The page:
The 12th International Workshop on Location and the Web
We are happy to announce that LocWeb2022 has been accepted as a workshop at The Web Conference WWW2022!
Fully online, Tuesday 26 April, 9:00-12:15 CEST.
For updates, watch this space and check our twitter: @locweb
Final deadline extension: 18.Feb.2022
Location and geospatial analytics are important aspects in a wide range of Web research and systems. We see the location topic as a cross-cutting issue equally concerning information access, semantics and standards, social analysis and mining, and Web-scale systems and services. The workshop explores the connection of the Web to the real physical and spatial world. LocWeb 2022 will continue a successful workshop series at the intersection of location-based analytics and Web architecture. It focuses on Web-scale services and systems for location-aware information access. Location and its integration continues to provide challenging research questions. It additionally has a role in large systems of social and societal importance, and we aim to explore this connection further under the topics of data science for social good. Furthermore, the past two years have brought massive disruptions in how we go about our lives, how we use and experience the physical world around us, and a move to virtual spaces. The workshop also examines these shifts and the changed significance of virtual vs. physical spaces and how it is reflected in research approaches or in the use of systems.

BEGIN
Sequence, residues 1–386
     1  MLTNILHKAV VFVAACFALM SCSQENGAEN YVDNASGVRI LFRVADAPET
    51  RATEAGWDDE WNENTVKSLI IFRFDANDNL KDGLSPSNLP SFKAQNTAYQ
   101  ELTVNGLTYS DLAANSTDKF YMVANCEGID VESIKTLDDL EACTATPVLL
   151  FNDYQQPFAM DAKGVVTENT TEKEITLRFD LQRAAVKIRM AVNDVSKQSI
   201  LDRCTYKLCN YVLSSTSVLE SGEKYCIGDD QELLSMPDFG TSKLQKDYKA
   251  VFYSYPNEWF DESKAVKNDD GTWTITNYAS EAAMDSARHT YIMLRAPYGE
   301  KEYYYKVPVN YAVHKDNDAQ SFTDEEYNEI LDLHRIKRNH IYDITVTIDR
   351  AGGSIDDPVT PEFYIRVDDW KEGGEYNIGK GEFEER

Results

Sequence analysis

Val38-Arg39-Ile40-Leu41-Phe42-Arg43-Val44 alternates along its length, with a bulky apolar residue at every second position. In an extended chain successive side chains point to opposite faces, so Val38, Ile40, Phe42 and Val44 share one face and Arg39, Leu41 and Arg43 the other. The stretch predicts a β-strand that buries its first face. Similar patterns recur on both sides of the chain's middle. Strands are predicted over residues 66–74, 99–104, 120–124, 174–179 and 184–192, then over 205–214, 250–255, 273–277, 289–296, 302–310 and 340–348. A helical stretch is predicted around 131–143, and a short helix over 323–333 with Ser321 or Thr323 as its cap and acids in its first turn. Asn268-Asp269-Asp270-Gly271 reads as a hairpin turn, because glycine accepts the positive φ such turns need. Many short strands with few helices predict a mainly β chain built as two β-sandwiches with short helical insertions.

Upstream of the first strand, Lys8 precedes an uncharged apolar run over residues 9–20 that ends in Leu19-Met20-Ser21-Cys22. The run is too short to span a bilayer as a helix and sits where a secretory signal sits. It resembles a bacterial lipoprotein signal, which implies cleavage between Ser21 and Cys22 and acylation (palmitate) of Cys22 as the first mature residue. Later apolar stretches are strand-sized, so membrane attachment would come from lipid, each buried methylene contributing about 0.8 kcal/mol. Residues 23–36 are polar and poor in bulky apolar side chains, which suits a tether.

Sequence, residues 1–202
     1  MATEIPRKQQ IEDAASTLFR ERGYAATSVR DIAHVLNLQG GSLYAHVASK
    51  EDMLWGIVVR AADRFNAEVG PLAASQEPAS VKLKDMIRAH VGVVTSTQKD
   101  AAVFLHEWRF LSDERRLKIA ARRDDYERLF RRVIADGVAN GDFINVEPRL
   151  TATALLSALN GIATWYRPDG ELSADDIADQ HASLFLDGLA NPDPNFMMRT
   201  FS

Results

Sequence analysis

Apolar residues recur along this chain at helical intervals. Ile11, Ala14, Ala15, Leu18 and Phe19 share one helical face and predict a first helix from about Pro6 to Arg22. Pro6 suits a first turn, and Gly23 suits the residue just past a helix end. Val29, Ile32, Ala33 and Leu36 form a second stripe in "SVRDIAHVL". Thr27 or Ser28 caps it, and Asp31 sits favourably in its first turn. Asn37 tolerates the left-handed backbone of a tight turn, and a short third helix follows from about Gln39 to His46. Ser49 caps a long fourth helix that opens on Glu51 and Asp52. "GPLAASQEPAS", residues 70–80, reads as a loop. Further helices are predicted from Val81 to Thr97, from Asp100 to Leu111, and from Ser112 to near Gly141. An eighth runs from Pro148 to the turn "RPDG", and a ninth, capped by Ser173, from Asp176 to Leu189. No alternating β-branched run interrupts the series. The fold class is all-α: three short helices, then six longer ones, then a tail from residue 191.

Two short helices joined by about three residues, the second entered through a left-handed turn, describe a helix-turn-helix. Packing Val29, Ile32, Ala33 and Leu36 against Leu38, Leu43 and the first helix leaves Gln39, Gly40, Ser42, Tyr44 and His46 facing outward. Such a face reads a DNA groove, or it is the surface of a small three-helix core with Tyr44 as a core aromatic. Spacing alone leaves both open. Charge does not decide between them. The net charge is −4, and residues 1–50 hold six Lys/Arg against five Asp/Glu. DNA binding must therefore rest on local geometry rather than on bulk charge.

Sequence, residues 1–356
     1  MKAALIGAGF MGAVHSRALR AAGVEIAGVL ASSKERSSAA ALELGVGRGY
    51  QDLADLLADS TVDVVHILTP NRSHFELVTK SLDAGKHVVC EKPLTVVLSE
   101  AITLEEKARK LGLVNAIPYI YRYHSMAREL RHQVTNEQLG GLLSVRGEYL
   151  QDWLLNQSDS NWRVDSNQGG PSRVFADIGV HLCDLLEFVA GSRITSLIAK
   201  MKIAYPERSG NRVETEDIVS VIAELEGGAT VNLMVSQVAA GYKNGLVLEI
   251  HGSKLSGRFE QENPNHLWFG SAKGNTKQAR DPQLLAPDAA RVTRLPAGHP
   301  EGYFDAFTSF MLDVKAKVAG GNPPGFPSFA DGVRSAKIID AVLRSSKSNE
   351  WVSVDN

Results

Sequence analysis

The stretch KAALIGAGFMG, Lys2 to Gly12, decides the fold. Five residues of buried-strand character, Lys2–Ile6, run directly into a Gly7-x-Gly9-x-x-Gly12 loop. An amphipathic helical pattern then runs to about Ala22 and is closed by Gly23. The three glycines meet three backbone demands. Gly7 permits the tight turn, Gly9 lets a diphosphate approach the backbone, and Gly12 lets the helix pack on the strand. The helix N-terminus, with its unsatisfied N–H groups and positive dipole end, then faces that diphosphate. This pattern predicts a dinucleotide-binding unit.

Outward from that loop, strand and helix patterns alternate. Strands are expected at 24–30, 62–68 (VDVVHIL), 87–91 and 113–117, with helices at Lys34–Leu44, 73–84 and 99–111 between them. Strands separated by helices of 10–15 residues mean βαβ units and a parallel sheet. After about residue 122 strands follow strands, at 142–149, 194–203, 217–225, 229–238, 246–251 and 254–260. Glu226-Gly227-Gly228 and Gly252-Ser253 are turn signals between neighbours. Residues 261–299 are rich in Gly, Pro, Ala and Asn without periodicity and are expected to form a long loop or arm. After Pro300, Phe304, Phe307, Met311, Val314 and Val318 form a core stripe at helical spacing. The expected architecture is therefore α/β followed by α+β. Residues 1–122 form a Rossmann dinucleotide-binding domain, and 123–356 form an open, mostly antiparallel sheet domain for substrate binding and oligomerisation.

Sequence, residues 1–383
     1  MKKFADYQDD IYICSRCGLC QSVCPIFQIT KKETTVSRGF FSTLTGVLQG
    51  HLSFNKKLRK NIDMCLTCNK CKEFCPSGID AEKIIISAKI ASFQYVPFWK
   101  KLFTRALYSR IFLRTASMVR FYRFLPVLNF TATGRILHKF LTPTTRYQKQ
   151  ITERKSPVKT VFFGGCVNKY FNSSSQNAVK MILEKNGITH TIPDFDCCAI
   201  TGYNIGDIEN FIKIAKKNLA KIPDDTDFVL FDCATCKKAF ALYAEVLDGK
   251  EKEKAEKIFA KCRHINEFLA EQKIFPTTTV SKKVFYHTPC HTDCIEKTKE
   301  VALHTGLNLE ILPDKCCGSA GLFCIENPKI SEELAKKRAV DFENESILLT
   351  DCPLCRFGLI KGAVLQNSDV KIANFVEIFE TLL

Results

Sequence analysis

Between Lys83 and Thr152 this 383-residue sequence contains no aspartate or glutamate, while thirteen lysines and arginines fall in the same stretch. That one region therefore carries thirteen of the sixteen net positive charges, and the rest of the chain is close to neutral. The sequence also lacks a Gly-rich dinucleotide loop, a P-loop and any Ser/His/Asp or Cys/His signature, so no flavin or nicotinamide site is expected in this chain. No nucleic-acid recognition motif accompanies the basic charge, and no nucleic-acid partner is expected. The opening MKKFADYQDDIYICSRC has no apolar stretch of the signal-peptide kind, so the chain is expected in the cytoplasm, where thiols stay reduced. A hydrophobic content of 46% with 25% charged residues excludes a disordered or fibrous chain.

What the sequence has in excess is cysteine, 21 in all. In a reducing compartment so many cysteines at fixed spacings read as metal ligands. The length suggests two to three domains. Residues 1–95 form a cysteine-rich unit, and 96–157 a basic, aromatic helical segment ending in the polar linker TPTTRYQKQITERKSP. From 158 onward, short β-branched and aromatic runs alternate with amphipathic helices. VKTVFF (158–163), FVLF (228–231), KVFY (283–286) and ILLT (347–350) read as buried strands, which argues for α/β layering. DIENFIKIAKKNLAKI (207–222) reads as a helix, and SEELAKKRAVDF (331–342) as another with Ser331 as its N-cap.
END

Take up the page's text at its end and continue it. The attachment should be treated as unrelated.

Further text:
Call for Papers
LocWeb will solicit submissions under the main theme of Web-scale Location-Aware Information Access and spatial social computing. Subtopics include (i) geospatial semantics, systems, and standards; (ii) large-scale geospatial and geo-social ecosystems; (iii) mobility; (iv) location in the Web of Things; and (v) mining and searching geospatial data on the Web. The workshop encourages work describing Web-mediated or Web-scale approaches that build on reliable foundations, and that thoroughly understand and embrace the geospatial dimension.